The flour makes a difference, but both cake & all purpose work. When I dug out this recipe from the back of one of my notebooks I found it called for cake flour. I didn’t have any cake flour but wanted to make the cake anyway. I knew it was going to make a difference, I was right. So I made the recipe twice. Both were good, but one was better.
The cake flour version was much more delicate and was, in texture & density, much closer to, better even, than the boxed mix. In general I would recommend using the cake flour, the cake texture is lighter and more absorbant when it comes to use in desserts and the benefit is worth having the extra flour on hand to make it. This recipe is one of those ones that since the flour is specified there’s probably a reason for it.
That said, the all purpose flour version was totally good! It was firmer and more dense when compared to the box mix or the store bought, but it was still delicious. I preferred the texture of the cake flour one, but there were some definite benefits to the AP version. The structure was better so it was far easier to cut, at a glance the air bubbles were finer leading to the slightly increased density. If I were making cupcakes I would use the all purpose flour; the final cake had more structure that would make removing a wrapper much easier. It also did not collapse at all, which since you can’t flip them upside down to cool is a good thing. That added firmness will also make them much easier to hollow out if you were planning to, say, fill them with a homemade strawberry sauce, maybe.
As far as equipment I used my hand blender with whisk to make the first one and my KitchenAid with the whisk for the second. Both worked just fine, but the stand mixer was infinitely faster, no big surprise. I wouldn’t recommend making this by hand unless you have intense upper body strength & stamina. Outside of the tube pan I used a stainless steel bowl, a regular rubber spatula to fold in the dry ingredients and a hand strainer to sift the dry ingredients together.
The cream of tartar in this recipe isn’t used as a leavener, it is used to stabilize the egg whites as they whip and help them hold air. I add the salt in with the cream of tartar so it can dissolve, it also helps them whip faster & higher. The dry ingredients are sifted twice, once to combine them and again as they are sifted into the whipped egg whites to make the cake batter. I save my yolks…for ice cream. You can freeze them in a container & thaw to use later.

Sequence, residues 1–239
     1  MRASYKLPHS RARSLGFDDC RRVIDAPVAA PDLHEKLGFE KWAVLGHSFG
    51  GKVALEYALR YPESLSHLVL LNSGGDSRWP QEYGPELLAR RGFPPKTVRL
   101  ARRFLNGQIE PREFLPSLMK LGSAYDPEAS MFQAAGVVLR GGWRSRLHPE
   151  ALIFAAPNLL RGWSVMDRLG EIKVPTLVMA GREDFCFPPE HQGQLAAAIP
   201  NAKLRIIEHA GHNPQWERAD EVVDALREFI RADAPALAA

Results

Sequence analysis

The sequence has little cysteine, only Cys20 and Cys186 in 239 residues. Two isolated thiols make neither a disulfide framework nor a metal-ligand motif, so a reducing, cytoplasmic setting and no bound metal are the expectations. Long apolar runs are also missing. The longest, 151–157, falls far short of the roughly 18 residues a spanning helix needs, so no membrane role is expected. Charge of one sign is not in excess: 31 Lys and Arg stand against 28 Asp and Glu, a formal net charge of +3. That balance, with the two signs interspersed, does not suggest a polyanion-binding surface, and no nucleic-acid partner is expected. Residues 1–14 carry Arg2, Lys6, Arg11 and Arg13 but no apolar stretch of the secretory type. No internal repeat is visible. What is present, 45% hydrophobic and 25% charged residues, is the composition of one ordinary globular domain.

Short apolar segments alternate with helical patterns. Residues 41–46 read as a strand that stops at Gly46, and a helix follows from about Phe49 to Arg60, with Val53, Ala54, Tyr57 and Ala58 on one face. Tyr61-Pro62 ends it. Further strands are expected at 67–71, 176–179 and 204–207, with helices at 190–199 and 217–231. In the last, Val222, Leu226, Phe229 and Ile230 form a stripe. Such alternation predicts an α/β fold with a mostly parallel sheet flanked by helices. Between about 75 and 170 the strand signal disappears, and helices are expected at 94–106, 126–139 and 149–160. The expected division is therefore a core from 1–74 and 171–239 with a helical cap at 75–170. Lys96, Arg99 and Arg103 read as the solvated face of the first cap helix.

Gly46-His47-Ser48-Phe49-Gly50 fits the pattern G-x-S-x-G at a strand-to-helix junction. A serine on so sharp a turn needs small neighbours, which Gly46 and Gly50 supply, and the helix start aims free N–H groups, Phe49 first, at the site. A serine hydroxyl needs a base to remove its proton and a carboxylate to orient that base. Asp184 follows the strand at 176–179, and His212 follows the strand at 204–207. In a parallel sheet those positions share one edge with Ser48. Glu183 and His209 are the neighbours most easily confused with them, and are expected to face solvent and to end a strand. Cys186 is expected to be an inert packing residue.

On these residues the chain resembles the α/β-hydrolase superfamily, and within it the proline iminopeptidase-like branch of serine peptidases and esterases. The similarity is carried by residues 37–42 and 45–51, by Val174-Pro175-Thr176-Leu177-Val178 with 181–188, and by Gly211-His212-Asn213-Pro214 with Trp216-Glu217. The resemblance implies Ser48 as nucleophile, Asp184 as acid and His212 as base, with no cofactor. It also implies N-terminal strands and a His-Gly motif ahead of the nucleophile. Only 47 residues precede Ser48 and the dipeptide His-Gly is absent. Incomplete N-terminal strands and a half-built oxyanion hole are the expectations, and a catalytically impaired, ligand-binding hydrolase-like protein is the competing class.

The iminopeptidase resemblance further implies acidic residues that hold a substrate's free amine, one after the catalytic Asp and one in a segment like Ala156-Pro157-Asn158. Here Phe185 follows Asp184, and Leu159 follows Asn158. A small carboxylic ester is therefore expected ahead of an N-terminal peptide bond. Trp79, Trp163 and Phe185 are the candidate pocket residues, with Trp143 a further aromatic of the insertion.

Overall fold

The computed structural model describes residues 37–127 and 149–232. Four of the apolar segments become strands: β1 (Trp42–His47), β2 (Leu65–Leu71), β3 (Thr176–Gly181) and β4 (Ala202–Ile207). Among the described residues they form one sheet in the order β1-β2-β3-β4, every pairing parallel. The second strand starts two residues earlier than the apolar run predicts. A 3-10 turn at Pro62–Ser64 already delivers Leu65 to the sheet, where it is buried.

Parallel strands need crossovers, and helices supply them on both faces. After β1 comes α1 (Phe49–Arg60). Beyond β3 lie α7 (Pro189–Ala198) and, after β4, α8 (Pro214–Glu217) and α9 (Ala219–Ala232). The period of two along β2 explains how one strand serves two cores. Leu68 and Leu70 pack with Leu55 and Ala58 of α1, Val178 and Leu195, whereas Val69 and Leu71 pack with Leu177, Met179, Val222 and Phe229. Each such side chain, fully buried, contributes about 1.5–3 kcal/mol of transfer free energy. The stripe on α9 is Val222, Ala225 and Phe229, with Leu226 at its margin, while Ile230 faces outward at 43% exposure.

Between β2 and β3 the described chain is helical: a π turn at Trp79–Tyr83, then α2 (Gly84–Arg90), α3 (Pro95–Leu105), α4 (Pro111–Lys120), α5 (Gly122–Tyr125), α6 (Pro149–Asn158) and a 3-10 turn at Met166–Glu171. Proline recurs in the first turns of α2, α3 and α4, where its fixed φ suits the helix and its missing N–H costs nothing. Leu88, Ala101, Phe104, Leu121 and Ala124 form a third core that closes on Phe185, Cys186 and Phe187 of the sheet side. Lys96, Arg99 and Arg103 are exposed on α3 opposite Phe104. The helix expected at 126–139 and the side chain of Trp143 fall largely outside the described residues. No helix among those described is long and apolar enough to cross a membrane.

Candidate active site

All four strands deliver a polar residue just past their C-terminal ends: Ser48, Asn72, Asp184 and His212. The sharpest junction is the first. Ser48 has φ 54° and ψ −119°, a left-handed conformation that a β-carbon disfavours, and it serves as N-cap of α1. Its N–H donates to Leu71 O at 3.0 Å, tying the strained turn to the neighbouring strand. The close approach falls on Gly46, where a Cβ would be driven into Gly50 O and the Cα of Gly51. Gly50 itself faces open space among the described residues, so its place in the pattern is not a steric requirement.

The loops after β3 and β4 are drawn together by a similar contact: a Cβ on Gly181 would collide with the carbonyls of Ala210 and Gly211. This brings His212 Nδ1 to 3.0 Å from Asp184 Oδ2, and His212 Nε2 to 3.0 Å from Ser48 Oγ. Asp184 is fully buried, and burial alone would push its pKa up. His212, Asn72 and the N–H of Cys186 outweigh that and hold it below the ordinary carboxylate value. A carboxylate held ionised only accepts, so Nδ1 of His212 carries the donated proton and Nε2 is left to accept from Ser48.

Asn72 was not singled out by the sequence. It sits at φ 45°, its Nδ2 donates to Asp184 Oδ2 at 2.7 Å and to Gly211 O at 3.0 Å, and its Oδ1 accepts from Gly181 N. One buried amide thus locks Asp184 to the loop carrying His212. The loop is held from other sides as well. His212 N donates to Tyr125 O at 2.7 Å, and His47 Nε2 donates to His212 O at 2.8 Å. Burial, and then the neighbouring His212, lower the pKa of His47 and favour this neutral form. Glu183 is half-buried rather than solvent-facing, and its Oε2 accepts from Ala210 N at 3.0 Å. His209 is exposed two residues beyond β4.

So let’s bake a cake!
Angel Food Cake makes 1 tube pan or 24(ish) cupcakes
- 1 cup Flour – preferably Cake, but AP will work
- 1/2 cup Sugar
- 12 Large Egg Whites – no yolks
- 1 tsp Cream of Tartar
- pinch Salt
- 3/4 cup Sugar
- 1 Tbsp Vanilla Extract
- 1 1/2 Tbsp Fresh Lemon Juice (1 Lemon)
Preheat the oven to 375, get your pan(s) out & ready. Sift together the 1/2 cup sugar & flour on to a piece or parchment or wax paper.
Separate the eggs, do what you will with the yolks, put the whites into the mixer bowl. Whip on a relatively high speed until foamy and the whites are loosened up. Add the pinch of salt and the cream of tartar.
Once the cream of tartar & salt are added turn up the mixer to high and whip to a very soft peak, this will take a couple minutes. You will notice as they whip they get whiter, less foamy, more solid looking and glossier. They will double in volume while you whip.
When the whites will hold a soft shape and look like the picture above slowly add the 3/4 cup of sugar in a steady stream while the mixer runs on high, making a basic meringue. Whip to a ‘soft peak’, meaning it will hold its shape when pulled into a peak. At a soft peak the meringue will close to triple in volume, start to look creamy white, be shiny and start to feel stiff.